• #3
    I would add one or two things that could be improved a little apart from the securing of the handrails.

    One thing I found that was missing was any lubrication in the bogies once I worked out the hard way about keeping the model upside down otherwise the wheel sets would be fiddly to get back in and the brass contacts back in place behind the wheels. It could benefit from something in the manual as well on how to remove the bottom of the bogies to access the cogs as it’s not clear in the manual and a newer user without a delicate touch could do damage to the bogies themselves being too rough


    • #4
      Kain Harkins Hi Kain, Thanks for your comment. The model is designed not to require lubrication for quite some time as we have used self-lubricating materials. We made these changes as experience has shown additional lubrication can cause issues as it may cause build ups of dust and other debris to be drawn into the mech, hence our change in design. We do mention this in the manual, although perhaps need to clarify for those who are used to stripping down and lubricating new models.
      This also reflects on the bogie design as due to the above it is not intended to be disassembled on a regular (or even occasional) basis. Removing this restriction allows us to construct a more reliable and realistic bogie.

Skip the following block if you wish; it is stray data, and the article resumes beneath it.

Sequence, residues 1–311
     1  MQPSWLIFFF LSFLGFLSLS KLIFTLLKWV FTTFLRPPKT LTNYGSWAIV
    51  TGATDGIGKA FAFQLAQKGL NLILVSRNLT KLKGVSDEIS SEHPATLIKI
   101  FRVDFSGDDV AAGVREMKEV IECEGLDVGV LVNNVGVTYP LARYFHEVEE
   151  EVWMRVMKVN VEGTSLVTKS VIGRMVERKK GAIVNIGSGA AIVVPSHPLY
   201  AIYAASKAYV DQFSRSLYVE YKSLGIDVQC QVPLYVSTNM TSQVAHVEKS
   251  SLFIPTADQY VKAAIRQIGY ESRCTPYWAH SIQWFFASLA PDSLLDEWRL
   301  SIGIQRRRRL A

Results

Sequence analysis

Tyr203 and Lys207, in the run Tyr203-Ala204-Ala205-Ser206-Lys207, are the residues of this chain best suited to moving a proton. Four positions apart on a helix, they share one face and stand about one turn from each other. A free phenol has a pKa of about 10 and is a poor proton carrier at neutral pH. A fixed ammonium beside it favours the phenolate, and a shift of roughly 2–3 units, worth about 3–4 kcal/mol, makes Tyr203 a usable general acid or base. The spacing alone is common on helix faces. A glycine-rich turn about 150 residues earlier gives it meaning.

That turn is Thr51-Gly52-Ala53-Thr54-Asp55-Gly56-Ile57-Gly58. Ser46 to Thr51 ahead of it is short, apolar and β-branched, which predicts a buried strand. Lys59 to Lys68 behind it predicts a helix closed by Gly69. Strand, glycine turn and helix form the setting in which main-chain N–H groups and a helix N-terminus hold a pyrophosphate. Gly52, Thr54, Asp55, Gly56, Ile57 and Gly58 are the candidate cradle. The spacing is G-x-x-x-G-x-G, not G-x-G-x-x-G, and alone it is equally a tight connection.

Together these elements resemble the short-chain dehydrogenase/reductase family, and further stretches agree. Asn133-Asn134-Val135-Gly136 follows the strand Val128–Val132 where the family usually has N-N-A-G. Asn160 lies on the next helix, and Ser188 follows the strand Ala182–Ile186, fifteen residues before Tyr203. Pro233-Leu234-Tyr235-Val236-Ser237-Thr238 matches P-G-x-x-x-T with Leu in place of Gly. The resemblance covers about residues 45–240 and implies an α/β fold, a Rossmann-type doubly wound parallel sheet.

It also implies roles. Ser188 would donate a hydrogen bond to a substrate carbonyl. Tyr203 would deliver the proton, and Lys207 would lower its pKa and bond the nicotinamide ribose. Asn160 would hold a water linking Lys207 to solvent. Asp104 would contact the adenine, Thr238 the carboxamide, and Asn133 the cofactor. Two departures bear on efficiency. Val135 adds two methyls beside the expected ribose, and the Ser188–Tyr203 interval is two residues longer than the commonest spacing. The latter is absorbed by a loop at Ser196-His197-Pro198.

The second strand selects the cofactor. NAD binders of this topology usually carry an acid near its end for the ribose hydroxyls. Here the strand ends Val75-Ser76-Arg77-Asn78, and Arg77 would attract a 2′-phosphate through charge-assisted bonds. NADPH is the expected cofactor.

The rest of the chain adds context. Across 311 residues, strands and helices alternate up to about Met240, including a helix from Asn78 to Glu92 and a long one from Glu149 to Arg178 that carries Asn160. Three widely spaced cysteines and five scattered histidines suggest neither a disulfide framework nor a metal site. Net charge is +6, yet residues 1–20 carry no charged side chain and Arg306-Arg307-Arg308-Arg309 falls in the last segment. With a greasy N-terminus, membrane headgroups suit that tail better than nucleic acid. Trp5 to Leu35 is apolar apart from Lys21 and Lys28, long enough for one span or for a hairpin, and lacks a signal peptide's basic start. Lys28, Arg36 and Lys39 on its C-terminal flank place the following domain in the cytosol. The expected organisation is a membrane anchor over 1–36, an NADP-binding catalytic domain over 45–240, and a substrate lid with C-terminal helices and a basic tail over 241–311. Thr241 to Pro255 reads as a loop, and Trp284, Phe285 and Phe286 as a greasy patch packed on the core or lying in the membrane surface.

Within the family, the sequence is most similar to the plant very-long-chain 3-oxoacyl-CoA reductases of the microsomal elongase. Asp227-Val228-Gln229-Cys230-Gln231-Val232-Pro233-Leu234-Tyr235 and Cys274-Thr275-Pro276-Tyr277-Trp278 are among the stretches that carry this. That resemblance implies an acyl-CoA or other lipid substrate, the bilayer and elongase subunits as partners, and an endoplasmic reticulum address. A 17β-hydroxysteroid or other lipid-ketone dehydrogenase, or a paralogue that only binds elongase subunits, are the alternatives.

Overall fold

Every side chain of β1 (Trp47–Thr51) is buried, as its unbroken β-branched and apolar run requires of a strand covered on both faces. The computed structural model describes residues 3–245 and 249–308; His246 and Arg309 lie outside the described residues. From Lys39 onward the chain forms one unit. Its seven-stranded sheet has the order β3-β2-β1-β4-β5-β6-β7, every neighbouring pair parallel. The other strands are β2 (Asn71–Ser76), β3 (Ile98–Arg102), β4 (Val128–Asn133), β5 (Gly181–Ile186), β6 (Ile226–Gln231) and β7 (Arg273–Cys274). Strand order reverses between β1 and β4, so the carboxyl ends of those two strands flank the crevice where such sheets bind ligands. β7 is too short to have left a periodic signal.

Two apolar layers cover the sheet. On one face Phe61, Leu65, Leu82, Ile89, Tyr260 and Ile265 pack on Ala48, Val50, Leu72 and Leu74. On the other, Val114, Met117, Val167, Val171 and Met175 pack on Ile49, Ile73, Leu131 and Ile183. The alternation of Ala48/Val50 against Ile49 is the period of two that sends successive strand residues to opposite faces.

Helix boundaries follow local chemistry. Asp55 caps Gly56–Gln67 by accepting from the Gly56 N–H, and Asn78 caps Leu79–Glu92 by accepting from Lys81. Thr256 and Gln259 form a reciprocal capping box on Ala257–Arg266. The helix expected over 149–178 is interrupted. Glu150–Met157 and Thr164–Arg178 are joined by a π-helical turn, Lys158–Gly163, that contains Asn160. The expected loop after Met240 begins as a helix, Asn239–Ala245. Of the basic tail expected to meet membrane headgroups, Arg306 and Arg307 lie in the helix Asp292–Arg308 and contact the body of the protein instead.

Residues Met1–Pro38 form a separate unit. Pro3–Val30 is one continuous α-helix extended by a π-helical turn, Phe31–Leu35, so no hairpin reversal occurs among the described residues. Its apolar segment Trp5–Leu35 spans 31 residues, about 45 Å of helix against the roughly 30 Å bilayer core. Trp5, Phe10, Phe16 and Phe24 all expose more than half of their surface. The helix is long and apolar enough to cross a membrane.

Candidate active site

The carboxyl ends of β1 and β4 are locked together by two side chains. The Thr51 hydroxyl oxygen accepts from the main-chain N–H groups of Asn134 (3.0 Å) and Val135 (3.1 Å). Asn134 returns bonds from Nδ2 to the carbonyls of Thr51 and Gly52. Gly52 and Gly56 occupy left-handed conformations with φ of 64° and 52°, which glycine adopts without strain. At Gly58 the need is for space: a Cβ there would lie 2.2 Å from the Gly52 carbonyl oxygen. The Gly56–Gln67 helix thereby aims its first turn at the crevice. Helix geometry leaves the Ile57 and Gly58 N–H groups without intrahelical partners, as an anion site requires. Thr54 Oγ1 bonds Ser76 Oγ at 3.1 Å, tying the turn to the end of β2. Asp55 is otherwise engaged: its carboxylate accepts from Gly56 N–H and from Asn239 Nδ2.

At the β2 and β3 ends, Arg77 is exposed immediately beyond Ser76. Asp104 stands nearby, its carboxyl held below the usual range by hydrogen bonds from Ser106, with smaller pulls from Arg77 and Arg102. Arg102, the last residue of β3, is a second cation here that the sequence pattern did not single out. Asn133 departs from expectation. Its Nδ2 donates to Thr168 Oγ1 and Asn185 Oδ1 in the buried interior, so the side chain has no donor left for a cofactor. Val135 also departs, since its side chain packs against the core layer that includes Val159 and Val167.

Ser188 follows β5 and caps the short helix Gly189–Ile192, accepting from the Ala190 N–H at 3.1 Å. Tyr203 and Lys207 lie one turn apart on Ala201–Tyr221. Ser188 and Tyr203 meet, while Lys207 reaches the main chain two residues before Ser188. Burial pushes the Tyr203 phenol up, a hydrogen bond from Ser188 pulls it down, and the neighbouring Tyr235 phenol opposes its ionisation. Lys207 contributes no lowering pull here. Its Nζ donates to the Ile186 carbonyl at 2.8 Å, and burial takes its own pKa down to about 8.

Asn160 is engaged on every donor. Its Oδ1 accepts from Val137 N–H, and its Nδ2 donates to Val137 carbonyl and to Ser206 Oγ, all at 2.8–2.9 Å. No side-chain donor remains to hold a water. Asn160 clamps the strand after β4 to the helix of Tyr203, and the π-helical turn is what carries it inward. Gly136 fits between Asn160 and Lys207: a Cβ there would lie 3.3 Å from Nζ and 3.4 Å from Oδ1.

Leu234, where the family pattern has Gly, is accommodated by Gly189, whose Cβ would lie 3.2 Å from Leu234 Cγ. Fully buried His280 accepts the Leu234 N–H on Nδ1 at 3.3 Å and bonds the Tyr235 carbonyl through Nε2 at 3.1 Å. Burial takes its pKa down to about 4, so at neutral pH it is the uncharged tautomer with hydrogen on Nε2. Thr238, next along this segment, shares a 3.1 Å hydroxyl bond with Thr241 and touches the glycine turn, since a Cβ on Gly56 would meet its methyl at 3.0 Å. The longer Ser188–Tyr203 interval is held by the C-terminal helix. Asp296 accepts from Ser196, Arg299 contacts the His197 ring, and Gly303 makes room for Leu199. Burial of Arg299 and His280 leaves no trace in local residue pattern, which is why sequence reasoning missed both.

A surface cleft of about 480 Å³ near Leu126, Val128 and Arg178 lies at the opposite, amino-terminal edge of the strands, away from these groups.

Dapol Staff Member


      • #5
        Thanks for the clarification.


        • #6
          Originally posted by Andy Dapol View Post
          The model is designed not to require lubrication for quite some time as we have used self-lubricating materials.
          Just out of interest, what are the materials used? I'm familar with the concept on larger machines (oil-impregnated bearings). Is it something similar using a porous plastic / resin which can be impregnated with oil?


          • Joel Dapol
            Joel Dapol commented
            Editing a comment
            Hello David the material we use is Polyoxymethylene. Technically, it is not really self lubricating but more an extremely low friction super strong polymer used in areas were good low friction contact properties and strength are required. Hope that helps.